I’m a sucker for wine cask-finished whiskeys (well, just whiskeys, really, but sometimes I pretend to have a palate). The Glenmorangie Madeira Wood was one of my first Scotch love affairs, and I recently discovered the new Basil Hayden Red Wine Cask Finish, which blends Kentucky Straight Bourbon with bourbon partially finished in red wine casks to pretty spectacular (i.e. delicious) effect.
This led me to ponder the question of why it is so delicious, which led me to investigate the whole finishing process. Transforming raw materials into drinkable liquor is fascinating—and a lot more complicated than the still on that old TV show M*A*S*H led me to believe (if you don’t get this reference it’s because you aren’t quite as finely aged as I am). A lot of spirits are aged (also called “maturing”) in order to make them palatable, because when a spirit is initially distilled it’s often pretty raw stuff. Bourbon, for example, starts off life as a clear liquid with none of the charm or taste notes of a good bourbon—those come from an initial aging in barrels made of charred American oak (so-called white whiskey usually uses a different recipe, or mash bill, because it’s not going through this process). According to Wine Magazine, barrel aging is where bourbon gets the majority of its flavor, and all of its color.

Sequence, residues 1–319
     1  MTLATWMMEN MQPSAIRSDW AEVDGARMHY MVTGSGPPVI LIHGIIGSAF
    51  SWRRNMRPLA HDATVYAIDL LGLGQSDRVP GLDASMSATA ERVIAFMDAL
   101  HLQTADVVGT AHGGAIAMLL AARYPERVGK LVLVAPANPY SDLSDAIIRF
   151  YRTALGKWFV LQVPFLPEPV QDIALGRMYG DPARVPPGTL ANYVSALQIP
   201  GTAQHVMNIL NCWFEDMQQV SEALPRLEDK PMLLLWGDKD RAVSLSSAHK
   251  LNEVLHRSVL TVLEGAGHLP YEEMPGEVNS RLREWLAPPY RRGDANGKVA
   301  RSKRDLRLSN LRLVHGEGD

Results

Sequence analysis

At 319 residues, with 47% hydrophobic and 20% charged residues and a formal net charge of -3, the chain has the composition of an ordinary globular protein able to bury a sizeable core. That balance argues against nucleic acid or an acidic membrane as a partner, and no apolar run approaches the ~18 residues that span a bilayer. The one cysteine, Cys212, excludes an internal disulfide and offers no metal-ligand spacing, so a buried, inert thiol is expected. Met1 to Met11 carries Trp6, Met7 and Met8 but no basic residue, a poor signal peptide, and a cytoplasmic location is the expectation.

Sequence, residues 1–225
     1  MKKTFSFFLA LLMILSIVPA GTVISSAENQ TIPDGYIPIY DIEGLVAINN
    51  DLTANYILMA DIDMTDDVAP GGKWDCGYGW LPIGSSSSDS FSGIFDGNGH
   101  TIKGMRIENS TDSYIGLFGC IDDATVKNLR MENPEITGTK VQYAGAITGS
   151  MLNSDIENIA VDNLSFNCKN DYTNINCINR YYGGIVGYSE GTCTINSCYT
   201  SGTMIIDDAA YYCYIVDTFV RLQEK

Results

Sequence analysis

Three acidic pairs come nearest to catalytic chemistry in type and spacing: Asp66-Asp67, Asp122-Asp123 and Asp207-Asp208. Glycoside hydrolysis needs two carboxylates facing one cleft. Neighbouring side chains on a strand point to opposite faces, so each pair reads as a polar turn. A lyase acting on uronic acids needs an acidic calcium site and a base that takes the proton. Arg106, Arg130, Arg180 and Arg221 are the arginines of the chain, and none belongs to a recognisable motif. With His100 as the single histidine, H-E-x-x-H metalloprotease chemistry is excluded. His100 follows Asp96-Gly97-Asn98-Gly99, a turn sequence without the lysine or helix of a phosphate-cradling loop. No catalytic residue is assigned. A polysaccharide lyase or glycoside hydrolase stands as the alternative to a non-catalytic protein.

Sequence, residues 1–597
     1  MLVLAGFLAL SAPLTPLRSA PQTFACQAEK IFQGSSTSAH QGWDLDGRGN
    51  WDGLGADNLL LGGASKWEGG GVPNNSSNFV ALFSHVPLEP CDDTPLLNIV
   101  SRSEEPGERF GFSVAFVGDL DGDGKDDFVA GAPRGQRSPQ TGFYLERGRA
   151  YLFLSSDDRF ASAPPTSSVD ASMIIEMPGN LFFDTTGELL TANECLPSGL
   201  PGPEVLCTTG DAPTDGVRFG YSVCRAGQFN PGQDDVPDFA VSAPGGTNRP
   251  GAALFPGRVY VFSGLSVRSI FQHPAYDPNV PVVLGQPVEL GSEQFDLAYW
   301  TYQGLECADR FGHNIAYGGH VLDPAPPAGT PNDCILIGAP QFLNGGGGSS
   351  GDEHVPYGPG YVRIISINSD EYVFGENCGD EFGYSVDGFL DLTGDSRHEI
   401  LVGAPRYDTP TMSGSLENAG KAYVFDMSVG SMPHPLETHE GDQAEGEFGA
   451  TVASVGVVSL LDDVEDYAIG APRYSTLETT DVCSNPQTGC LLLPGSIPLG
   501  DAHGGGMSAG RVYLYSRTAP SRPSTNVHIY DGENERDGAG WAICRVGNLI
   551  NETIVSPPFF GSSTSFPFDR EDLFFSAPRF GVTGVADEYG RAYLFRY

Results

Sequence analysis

There are some specific requirements around aging—to call a whiskey a bourbon, for example, it must be aged in oak barrels for at least two years. Scotch has to be aged at least three years in used bourbon barrels; añejo tequila between one and three years, typically in used whiskey or wine barrels; and aged rum has to have spent at least one year in a bourbon barrel somewhere.
So if so much effort goes into aging a spirit, why is finishing so important to (some) spirits?
What is finishing?
Finishing describes the process of giving a spirit a specific flavor and color profile by storing it in a vessel—commonly wood barrels that have previously matured a spirit, but not always. It’s a secondary aging process involving transferring the already aged spirit to a second vessel in order to get the desired flavor profile and color. Think of it this way: You distill something into a clear alcoholic liquid. You age that in a barrel, where it transmorgrifies into whiskey. Then you age the whiskey in a second barrel that held red wine and it turns into, say, Basil Hayden Red Wine Cask Finish.
The chemistry of maturing and aging is complex, but it boils down to three basic interactions:
- Subtractive: The interaction between the wood and the spirit removes unwanted or undesirable flavors.
- Additive: Time spent in the barrel pulls color and flavor notes from the vessel into the spirit.
- Interactive: As the spirit sits in the vessel, it interacts with the vessel material (e.g., wood) as well as oxygen.